01 Dec Courts Say Big Pharma is Breaking the Law
By 340B Matters
Despite Big Pharma’s efforts to eviscerate the 340B Drug Discount Program, recent federal court decisions have made it clear that manufacturers are acting illegally. Eli Lilly, along with eight other huge drug makers, have unilaterally limited required drug discounts to safety-net health care providers.The legal fights are far from over, however, and several rulings offer some contradictory opinions on manufacturer complaints about the program.
On October 29, a federal court in Indiana ruled that drug companies are not allowed to deny 340B pricing to hospitals that contract with local pharmacies. “The statute, correctly construed, does not permit drug manufacturers, such as Lilly, to impose unilateral extra-statutory restrictions on its offer to sell 340B drugs to covered entities utilizing multiple contract pharmacy arrangements,” wrote US District Judge Sarah Evans Barker.
For this reason, Judge Barker said a May enforcement letter that the Health Resources & Services Administration sent Lilly ordering it to restore discounts on drugs dispensed at community pharmacies was within the agency’s authority under the 340B law.
A separate ruling November 5 by the United States District Court of New Jersey came to the same conclusion: “More specifically, as to the Violation Letters, I uphold [the Department of Health and Human Services’] assessment that Plaintiffs cannot unilaterally impose restrictions on offers to covered entities and that their policies must cease,” wrote US Chief District Judge Freda Wolfson. The judge also denied efforts by Sanofi-Adventis and Novo Nordisk to challenge HRSA’s Administrative Dispute Resolution system.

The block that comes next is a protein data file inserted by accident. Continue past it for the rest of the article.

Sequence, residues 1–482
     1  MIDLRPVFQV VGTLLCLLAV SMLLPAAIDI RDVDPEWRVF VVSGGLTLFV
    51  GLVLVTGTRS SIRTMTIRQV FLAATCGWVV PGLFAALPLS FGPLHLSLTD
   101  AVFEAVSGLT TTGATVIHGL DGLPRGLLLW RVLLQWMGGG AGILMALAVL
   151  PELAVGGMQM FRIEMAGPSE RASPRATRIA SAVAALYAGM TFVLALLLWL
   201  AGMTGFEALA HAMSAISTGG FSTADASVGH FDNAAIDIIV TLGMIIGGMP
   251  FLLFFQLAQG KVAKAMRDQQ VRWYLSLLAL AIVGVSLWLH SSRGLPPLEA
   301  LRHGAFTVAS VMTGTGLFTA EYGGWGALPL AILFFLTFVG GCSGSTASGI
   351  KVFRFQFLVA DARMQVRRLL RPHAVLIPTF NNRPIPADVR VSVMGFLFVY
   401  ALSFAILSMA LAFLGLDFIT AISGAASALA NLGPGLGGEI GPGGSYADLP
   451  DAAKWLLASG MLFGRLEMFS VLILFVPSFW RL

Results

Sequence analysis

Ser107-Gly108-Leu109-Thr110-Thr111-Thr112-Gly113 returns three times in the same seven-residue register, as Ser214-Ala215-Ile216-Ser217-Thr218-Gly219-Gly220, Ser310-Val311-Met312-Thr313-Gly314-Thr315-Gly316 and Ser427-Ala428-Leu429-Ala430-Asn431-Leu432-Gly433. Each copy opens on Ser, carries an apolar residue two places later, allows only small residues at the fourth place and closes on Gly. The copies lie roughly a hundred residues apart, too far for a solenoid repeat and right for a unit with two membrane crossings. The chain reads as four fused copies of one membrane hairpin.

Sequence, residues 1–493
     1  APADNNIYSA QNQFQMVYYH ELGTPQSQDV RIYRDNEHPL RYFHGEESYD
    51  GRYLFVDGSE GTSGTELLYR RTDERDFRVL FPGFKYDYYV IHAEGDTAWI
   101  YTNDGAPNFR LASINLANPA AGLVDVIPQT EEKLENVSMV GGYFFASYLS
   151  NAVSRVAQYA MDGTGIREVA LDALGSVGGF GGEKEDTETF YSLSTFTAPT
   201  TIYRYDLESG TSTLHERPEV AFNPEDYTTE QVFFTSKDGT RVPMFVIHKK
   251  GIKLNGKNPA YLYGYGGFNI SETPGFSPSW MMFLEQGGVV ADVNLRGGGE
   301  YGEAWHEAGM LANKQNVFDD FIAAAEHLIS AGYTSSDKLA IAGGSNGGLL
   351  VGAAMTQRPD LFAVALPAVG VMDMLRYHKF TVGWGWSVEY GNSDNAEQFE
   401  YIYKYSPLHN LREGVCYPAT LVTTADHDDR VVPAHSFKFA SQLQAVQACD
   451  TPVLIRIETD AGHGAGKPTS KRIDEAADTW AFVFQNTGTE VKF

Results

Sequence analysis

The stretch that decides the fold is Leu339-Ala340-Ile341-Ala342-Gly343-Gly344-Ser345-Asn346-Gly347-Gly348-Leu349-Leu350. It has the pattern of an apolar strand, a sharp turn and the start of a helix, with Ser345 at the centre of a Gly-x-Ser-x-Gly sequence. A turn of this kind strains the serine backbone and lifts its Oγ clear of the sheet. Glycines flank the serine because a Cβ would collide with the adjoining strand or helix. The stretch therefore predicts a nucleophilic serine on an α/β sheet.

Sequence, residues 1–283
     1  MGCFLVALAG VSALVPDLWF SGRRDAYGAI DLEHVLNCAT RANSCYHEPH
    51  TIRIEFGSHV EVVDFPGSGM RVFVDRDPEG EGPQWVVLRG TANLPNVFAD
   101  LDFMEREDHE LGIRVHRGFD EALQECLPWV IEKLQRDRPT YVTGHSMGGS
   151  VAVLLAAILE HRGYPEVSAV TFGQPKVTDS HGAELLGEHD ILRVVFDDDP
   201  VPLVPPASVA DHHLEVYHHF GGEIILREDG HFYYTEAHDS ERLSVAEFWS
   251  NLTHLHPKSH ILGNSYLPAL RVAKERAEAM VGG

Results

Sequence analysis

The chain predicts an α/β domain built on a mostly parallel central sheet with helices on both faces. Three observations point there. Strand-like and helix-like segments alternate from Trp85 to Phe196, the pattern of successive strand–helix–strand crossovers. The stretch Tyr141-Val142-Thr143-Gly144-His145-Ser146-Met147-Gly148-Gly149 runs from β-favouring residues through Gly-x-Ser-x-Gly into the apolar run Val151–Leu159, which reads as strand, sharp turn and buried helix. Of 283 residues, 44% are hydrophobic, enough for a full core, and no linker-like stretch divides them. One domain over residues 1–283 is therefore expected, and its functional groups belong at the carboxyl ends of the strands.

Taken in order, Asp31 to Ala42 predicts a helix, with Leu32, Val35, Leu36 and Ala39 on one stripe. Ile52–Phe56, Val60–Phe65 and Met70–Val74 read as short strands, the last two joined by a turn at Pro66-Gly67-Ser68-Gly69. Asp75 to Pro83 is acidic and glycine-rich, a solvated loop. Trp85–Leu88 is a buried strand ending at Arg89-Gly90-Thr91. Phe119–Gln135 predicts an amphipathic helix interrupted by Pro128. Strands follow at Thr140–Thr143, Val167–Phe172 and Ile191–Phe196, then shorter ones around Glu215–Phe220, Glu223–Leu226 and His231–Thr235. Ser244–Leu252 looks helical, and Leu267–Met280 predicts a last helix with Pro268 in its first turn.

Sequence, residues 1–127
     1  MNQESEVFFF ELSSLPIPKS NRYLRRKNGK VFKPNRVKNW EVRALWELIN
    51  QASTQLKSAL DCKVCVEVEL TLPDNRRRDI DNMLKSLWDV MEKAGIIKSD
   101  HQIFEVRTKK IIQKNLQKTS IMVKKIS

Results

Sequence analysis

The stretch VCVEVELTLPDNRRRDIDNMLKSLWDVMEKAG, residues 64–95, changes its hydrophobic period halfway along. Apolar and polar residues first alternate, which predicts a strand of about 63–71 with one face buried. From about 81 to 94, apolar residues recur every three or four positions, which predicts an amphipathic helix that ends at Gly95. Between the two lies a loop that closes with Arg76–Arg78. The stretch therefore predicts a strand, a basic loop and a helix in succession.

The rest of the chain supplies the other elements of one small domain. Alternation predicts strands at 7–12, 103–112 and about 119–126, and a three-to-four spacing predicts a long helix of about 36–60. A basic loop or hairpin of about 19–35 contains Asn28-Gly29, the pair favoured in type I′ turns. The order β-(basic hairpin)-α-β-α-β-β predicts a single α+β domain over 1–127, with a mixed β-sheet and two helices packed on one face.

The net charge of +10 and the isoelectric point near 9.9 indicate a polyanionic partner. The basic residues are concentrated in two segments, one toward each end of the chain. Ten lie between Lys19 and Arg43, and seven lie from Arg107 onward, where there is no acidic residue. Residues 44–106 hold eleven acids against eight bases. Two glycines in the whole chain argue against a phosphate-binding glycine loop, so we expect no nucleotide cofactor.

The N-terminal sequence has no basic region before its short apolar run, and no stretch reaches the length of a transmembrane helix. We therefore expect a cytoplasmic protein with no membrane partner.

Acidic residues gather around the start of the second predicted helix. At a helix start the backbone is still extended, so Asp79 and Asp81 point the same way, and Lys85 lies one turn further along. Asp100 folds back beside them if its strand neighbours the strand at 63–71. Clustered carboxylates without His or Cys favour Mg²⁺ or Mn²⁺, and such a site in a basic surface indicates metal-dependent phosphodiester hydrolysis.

These federal courts have affirmed what we’ve known all along: The cabal attacking the 340B program is losing the argument that they are not required to provide discounts to covered health providers using community pharmacies. These local partners are an essential part of America’s healthcare safety-net because they allow medicines to be dispensed closer to patients and expand access to life-saving drugs.
Given the decisions reached in these cases, it’s time for these outlier drug companies to abandon their foolhardy and illegal activities and to get right with the law.
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